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Yet most scholars would urge caution about extracting such a precise but incidental detail from a narrative whose focus is theological rather than calendrical. As far as we can tell, Christmas was not celebrated at all at this point.The extrabiblical evidence from the first and second century is equally spare: There is no mention of birth celebrations in the writings of early Christian writers such as Irenaeus (c. This stands in sharp contrast to the very early traditions surrounding Jesus’ last days.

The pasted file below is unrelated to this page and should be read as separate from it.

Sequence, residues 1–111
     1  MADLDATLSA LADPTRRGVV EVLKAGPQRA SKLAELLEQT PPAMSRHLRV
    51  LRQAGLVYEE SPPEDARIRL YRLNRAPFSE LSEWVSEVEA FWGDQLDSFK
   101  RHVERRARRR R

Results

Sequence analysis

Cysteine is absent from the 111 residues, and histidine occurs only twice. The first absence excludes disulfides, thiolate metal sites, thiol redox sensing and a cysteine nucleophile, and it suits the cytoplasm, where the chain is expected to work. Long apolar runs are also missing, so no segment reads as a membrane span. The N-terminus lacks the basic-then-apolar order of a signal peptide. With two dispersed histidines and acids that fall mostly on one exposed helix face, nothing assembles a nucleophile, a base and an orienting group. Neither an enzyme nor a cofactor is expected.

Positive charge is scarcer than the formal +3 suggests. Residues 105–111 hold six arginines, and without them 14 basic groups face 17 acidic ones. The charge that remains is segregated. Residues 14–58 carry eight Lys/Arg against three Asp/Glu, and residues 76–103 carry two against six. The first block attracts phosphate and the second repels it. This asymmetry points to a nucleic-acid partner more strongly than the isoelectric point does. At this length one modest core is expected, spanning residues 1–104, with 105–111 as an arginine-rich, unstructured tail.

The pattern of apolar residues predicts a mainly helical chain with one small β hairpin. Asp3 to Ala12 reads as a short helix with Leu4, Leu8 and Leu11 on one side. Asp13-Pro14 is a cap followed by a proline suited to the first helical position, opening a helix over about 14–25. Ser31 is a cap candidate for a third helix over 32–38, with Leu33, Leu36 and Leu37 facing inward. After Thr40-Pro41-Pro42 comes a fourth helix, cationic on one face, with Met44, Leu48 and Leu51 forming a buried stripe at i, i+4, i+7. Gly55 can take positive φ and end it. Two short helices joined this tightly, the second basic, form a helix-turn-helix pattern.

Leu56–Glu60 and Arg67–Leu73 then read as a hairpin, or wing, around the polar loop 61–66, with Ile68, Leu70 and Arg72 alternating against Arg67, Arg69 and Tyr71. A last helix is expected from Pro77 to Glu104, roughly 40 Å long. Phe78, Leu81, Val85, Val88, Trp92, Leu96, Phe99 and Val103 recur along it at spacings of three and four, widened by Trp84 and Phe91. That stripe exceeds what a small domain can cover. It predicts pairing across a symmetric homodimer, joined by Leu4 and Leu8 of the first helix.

The Romans had their mid-winter Saturnalia festival in late December; barbarian peoples of northern and western Europe kept holidays at similar times. E., the Roman emperor Aurelian established a feast of the birth of Sol Invictus (the Unconquered Sun), on December 25.According to Clement of Alexandria, several different days had been proposed by various Christian groups.Surprising as it may seem, Clement doesn’t mention December 25 at all.The Bible offers few clues: Celebrations of Jesus’ Nativity are not mentioned in the Gospels or Acts; the date is not given, not even the time of year.The biblical reference to shepherds tending their flocks at night when they hear the news of Jesus’ birth (Luke 2:8) might suggest the spring lambing season; in the cold month of December, on the other hand, sheep might well have been corralled. 165–264) goes so far as to mock Roman celebrations of birth anniversaries, dismissing them as “pagan” practices—a strong indication that Jesus’ birth was not marked with similar festivities at that place and time.